Friday, August 23, 2013

Hey Rippln, Dr. Seuss wants their game name back!

Rippln, the vaporware income opportunity, apparently finally made something real, as they announced that their game "Guessaroo", had been approved by iTunes store, and they are about to roll out their "Rippln Communicator".

Right now, I'm at the "I'll believe it when I see it, but that name "Guessaroo" sounded familiar...

Turns out it's from Dr. Seuss game... ALREADY IN ITUNES!

Stealing names from Dr. Seuss? What a Grinch you are, Rippln...

When Scientists are Skeptics, We All Win (Yes, this is Related to MLM, sort of)

Alan Sokal is a physicist that read the journals where his papers (and tons of other papers) are published, and wondered... Does someone actually read all that stuff? So he proceed to write the WORST paper he could possibly write. It's complete bull****, filled with buzzwords ("quantum gravity..." Ooooohhhhh! Aaaaahhhhhh!" )  but completely bull****. The paper was called "Transgressing the Boundaries: Towards a Transformative Hermeneutics of Quantum Gravity", and it was submitted to a journal called "Social Text", an academic journal of postmoderncultural studies.

It got published in 1996. When Sokal revealed the whole paper is pure bull****, and he basically "trolled" that journal, the feedback was definitely mixed. Some are horrified at the "lack" of vigor the editors of the journal demonstrated. Others are angry at Sokal for ridiculing other "scientists". There's also question on what exactly is "postmodernacultural studies", and why would a physicist try to troll them, and so on. The whole thing was dubbed "Sokal Affair" and even has its own Wikipedia entry.

The point is a scientists was skeptical of something, and he built a test to test that something.

How many of you would be willing to do that, or have done that, and I mean really test it, not merely "I tried it, it works, I got paid"?

Alan Sokal just struck again, when he and some friends took apart two psychologists, Fredrickson and Losada, who attempted to apply Lorenz Equation (huh) to "positivity ratio", and how feeling too happy will lead to a happiness inversion (what?) when the positive emotion to negative emotion ratio reached the tipping point of 2.9013 (huh?)  Sokal, along with Nicholas Brown, and Harris Friedman basically destroyed that other paper for all of the various reasons, including bogus math, bad logic, and much more.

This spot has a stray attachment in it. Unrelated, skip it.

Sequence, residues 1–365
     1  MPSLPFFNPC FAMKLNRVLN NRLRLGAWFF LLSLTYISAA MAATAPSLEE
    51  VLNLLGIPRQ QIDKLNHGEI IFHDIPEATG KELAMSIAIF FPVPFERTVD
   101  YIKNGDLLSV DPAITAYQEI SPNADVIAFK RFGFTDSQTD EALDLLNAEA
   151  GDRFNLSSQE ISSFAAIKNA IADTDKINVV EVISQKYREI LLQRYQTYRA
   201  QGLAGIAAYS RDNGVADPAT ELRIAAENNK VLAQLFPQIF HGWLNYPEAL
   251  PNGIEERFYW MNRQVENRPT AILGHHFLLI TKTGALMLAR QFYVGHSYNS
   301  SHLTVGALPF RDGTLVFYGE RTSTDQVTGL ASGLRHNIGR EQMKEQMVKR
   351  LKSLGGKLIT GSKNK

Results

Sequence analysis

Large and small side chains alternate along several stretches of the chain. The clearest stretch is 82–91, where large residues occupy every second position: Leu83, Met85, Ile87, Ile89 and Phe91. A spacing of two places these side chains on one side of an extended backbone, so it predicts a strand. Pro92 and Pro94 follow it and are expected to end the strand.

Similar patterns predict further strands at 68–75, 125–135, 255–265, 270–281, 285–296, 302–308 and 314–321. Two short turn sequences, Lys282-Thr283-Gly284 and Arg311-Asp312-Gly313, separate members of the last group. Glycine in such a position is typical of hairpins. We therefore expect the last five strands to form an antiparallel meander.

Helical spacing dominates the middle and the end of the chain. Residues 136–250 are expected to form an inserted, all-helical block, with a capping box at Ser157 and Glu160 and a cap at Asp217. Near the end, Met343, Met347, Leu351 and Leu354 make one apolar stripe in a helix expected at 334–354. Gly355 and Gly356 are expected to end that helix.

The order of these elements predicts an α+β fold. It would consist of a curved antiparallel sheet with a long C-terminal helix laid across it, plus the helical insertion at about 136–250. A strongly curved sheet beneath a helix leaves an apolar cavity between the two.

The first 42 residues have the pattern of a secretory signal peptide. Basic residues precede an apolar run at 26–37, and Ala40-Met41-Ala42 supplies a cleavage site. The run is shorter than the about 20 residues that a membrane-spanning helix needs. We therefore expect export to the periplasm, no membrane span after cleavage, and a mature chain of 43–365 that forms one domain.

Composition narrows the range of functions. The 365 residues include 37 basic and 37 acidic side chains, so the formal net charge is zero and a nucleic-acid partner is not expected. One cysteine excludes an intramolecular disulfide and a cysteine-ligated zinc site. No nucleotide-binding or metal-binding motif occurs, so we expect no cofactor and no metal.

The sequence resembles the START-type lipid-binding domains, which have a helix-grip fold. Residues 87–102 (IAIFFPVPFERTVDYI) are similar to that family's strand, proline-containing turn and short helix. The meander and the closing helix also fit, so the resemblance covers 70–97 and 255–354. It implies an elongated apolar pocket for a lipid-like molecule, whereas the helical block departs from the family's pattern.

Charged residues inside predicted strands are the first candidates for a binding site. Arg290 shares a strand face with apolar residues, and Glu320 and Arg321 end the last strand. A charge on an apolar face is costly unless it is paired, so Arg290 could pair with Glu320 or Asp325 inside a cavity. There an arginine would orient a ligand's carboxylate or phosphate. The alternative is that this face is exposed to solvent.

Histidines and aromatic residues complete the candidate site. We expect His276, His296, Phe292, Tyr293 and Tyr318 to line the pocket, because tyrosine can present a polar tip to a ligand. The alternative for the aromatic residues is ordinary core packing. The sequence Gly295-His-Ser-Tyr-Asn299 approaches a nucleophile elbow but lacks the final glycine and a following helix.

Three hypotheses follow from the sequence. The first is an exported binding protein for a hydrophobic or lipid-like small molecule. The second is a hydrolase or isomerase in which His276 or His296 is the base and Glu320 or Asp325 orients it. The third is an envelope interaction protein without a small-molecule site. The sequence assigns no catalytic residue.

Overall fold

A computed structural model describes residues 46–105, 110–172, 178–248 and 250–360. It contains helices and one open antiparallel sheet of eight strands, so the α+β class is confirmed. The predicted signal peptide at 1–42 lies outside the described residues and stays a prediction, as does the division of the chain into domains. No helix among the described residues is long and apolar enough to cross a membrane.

Now you say, what does *that* have to do with MLM? Ah, but you see, this "positivity ratio" was a popular topic among the various "motivational speakers" who often show up at MLM events to "inspire" the crowd, and it was simply never challenged (cited over 1000 times, according to Google Scholar).

So what exactly is this "Positivity Ratio", how motivational speakers are citing it, and why is it bull****?

Thursday, August 22, 2013

More Bizarre TelexFree Affiliates In Brazil: TelexFree Ice Cream

What would you call this ice cream concoction?

The creator of this flavor in Rio Branco, Brazil, named it after "TelexFree", the embattled scheme alleged pyramid / Ponzi scheme (at least that's what the article seem to have implied).

REMINDER: FINAL DEADLINE to file ZeekRewards claims is September 5th, 2013!

If you believe ZeekRewards owe you money, you need to file your claim before September 5th, 2013! That's only 2 weeks left!

After that it's "lights out"!

Over 350 million of claims had been filed, according to the receiver. There should be more of you out there!

And for the net winners... Your time is running out too. Soon the receiver is going to SUE you all!

Wednesday, August 21, 2013

Will You Be The Greater Fool in MLM?

English: A Picture of a eBook EspaƱol: Foto de...
Sell eBooks to riches? Don't be so sure. It may be
Great Fool instead. (Photo credit: Wikipedia)
In the stock market there is this theory called "the greater fool" theory. Its believers state that many questionable stocks are worth buying, not because the stocks themselves are worth the price, but because s/he can convince a "greater fool" to buy them at an even higher price than they paid.